Music-industry giant BMG Entertainment, New York, and Universal Music Group, Los Angeles, have formed a joint venture for selling recorded music online that is expected to greatly expand BMG's current efforts on the World Wide Web and enhance both companies' direct-to-consumer electronic marketing prowess.
The terms of the 50-50 joint venture, called GetMusic, were not disclosed. BMG, a division of German media conglomerate Bertelsmann NV, already sells recorded music at www.getmusic.com, which customers can access from five genre-specific sites.
A spokesman for BMG said he did not have any figures available for the sales volume or the number of customers the site as served. He did say, however, that the site has been capturing e-mails through an optional registration vehicle that offers the promise of receiving news and information about the music industry. Each of the genre sites also has a registration area for capturing e-mails, which BMG uses to notify registrants about new album releases and “inside” information about artists within that genre.
Under the terms of the new joint venture, Universal, a unit of global conglomerate Seagram Co. Ltd., will incorporate information about the artists on its recording labels on the genre sites and will work with BMG to add additional sites focusing on specific types of music.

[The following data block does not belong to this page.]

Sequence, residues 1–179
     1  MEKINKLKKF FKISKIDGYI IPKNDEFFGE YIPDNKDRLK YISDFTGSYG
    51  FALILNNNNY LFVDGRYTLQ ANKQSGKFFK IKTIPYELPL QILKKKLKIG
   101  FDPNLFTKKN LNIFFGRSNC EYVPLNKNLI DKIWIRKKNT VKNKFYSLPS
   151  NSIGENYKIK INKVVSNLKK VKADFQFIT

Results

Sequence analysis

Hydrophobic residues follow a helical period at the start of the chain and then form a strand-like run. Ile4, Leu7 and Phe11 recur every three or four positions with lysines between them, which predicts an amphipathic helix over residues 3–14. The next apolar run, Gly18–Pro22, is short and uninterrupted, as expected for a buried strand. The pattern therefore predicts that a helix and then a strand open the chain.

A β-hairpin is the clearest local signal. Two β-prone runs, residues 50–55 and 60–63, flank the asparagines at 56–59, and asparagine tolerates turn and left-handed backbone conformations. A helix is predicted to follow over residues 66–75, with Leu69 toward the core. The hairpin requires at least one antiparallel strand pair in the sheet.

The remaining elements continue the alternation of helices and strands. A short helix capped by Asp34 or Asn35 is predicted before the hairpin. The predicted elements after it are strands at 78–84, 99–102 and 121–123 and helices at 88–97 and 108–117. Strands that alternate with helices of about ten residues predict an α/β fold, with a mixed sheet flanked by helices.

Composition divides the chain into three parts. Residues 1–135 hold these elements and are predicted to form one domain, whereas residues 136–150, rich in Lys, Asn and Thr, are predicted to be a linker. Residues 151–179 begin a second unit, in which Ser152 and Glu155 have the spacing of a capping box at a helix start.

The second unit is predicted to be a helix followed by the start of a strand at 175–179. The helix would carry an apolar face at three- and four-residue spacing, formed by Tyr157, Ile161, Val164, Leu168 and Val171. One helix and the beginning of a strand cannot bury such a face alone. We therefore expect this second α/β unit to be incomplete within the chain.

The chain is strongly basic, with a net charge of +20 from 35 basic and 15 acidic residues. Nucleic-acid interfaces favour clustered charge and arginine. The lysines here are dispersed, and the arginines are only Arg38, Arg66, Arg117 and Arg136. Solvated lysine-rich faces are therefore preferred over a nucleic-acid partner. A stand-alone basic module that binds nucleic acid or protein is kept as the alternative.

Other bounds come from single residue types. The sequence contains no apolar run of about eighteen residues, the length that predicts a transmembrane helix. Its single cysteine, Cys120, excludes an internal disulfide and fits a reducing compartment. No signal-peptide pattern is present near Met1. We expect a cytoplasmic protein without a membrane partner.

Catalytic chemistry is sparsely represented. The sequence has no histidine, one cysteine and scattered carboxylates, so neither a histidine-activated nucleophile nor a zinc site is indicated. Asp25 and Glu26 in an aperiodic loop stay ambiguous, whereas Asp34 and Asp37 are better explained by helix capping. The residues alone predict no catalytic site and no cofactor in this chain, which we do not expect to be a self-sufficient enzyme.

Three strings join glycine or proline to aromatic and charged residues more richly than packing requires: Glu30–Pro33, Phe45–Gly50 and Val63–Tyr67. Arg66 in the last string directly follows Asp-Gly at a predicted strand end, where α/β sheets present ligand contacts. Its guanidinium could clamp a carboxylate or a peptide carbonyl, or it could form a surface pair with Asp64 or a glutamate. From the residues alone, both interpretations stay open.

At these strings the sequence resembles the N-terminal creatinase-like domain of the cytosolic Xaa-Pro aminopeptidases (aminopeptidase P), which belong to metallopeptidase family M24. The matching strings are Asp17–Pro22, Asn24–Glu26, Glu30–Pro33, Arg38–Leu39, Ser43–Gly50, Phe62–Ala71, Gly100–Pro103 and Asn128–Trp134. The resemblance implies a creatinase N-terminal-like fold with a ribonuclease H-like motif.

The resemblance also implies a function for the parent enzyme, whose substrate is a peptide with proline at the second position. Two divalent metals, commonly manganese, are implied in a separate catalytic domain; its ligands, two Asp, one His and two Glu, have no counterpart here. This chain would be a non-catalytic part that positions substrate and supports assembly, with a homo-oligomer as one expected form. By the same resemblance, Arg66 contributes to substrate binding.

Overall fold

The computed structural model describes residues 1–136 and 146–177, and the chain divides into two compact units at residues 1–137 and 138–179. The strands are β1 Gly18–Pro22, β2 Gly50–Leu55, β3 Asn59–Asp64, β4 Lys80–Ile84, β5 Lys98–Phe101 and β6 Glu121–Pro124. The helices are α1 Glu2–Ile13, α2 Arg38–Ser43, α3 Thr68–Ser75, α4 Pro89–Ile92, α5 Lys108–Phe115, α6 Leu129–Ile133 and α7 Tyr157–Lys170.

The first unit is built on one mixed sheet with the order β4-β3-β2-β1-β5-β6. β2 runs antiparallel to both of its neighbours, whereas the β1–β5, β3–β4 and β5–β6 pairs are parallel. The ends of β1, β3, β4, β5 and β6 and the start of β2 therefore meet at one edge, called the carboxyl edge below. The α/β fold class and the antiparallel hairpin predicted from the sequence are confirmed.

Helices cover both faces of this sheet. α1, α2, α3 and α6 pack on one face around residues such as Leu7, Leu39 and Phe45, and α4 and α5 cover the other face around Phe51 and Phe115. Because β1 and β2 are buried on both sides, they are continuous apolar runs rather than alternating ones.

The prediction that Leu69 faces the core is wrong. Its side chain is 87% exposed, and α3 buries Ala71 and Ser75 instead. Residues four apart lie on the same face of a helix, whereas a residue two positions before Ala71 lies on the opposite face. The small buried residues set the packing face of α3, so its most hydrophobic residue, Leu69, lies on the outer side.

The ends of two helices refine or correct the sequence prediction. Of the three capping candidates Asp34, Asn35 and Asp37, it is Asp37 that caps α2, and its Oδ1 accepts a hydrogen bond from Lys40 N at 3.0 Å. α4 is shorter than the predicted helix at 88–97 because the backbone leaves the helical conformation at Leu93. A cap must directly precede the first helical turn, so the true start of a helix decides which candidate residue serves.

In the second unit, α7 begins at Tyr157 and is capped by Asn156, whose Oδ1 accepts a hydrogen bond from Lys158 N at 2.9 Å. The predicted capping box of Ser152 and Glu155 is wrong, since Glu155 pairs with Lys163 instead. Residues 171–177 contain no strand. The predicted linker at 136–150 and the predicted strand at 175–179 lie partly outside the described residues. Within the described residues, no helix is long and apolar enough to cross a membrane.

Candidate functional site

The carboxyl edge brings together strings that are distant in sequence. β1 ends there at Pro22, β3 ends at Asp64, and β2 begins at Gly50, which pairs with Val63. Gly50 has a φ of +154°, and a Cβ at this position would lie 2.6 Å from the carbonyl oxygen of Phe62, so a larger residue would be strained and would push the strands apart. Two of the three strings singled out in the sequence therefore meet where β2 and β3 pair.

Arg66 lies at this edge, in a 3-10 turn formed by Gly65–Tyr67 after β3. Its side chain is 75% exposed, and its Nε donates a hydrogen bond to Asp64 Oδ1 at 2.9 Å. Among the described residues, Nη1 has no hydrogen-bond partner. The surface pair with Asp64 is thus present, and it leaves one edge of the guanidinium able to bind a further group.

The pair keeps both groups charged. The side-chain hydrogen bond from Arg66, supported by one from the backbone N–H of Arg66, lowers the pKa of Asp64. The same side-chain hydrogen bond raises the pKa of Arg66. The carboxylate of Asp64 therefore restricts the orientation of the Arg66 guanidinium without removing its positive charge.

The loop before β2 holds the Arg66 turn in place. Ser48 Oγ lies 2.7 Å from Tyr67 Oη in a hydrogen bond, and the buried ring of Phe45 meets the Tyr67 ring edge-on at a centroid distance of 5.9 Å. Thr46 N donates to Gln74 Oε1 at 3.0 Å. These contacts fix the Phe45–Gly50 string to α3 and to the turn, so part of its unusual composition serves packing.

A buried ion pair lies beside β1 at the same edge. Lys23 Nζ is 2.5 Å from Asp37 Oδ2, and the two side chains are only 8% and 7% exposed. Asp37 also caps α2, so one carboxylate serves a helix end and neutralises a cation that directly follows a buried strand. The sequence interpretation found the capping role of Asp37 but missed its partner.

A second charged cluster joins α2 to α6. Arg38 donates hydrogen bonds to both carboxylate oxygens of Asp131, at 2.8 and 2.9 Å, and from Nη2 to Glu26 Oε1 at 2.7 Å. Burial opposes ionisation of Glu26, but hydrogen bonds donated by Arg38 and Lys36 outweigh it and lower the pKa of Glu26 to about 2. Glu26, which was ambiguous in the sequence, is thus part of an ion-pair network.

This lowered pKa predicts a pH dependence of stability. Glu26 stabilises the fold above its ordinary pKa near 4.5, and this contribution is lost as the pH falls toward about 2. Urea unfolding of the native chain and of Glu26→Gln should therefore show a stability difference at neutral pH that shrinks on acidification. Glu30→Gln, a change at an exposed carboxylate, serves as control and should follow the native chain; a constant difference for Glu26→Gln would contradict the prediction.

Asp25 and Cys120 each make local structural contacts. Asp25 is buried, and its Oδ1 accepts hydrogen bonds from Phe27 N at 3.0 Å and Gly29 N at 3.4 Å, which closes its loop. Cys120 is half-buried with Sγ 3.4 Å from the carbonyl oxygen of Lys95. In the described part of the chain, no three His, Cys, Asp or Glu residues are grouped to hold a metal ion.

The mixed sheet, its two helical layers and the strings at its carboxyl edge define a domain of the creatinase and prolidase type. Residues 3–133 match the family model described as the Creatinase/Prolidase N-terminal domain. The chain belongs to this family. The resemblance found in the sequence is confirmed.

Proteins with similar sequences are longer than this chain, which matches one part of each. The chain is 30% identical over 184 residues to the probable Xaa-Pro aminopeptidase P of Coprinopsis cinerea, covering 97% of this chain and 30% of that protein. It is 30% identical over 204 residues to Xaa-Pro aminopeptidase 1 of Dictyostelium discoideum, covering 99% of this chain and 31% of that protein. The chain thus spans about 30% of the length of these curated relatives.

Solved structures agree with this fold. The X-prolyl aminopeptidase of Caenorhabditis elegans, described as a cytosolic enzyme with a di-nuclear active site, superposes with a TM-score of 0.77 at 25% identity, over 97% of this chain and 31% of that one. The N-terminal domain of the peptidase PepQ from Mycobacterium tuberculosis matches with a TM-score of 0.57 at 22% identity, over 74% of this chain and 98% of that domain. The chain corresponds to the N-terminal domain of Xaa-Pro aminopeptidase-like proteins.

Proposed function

The genre-specific online communities will include video and audio clips, interviews with artists, biographical information, contests, news, live concert broadcasts and other features, such as horoscopes and interviews with professional athletes and movie stars. The sites include: Peeps Republic (www.peeps.com), BUGjuice (www.bugjuice.com), Twang This! (www.twangthis.com), Rock Universe (www.rockuniverse.com) and Connect2Music (www.connect2music).
“This venture will significantly expand the bridge we have been building over the past three years between artists and their fans,” said Kevin Conroy, senior vice president for worldwide marketing at BMG, in a prepared statement.
BMG and Universal said they would employ a variety of marketing tools to promote the sites, including print and broadcast advertising, printing Web addresses on compact disks, special events and “connected CDs” that will link directly to the sites when inserted into a computer. Consumers will have the option of ordering music albums directly through the Internet or searching for nearby retail outlets.
The new venture will compete with such established Internet sellers as Amazon.com, which is the largest online music retailer. Other online music sellers include CDnow and N2K, which have agreed to merge, and Total E, which is run by the Columbia House music club. Other sites also are expected soon from MTV parent Viacom Inc. and music retailer Virgin Entertainment Group.
Bill Curry, a spokesman for Amazon.com, which is the largest Internet retailer of recorded music, declined to comment specifically on the new competition.